If you plan a trip to Yellowstone be extra aware and careful near Island Park, Idaho. This is a 50 square mile stretch of Yellowstone National Park that is within the Idaho border. That may not seem like a big deal but it means some big things in our legal system. This is a legal no man's land where a legal loophole makes it possible to get away with murder and other serious crimes.

This area is so remote there are not any real roads. Lots of animals may call it home but no people do, at least not permanently. "In all criminal prosecutions... an impartial jury of the State and district wherein the crime shall have been committed, which district shall have been previously ascertained by law..." That is where the loophole comes in.

Yellowstone National Park, which is federal land, is in the jurisdiction of Wyoming, but this section crosses over the Idaho border, blurring the lines of who is in charge of it. Due to this a jury for a major crime committed there would have to come from people who both live in Idaho and fall under Wyoming’s federal jurisdiction. That is not possible, especially since the area has no long-standing residents.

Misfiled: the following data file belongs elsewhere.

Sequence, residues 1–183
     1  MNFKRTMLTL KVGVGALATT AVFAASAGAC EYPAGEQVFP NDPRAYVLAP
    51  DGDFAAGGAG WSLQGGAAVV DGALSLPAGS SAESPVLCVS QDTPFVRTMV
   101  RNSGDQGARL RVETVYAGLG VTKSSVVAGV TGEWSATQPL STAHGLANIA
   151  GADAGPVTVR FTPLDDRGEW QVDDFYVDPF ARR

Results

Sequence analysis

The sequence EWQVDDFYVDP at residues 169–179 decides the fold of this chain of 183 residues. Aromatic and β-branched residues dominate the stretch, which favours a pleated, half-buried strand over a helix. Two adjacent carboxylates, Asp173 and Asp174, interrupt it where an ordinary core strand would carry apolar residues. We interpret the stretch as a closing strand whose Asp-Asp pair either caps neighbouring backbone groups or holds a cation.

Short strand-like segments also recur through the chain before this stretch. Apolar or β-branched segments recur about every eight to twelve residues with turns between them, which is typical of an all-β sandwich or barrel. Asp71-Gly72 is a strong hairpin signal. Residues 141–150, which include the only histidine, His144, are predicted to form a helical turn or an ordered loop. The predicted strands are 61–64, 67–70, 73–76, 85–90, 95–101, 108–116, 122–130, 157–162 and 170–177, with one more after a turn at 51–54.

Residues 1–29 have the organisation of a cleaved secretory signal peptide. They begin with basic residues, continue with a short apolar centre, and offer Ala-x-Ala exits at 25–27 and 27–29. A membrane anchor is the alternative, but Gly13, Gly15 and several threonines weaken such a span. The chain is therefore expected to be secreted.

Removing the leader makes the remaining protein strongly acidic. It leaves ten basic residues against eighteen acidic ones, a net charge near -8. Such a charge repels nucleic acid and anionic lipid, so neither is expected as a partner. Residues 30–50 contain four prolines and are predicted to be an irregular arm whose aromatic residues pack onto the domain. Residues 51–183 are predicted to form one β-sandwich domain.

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According to Atlas Obscura, A law professor at Michigan State named Brian Kalt wrote about the legal loophole in 2005. In "The Perfect Crime" he laid out how this area is a recipe for a potentially murderous area. There is nowhere else that has a loophole like this in the US. Hoping that his work would spark change the professor sent copies of the paper to a few government authorities, but nothing ever changed.

This “Zone of Death” was also featured and even inspired 'Free Fire' a 2008 novel by C.J. Box. If you saw the 2016 horror film Population Zero, you know that it was set in the Zone of Death also.

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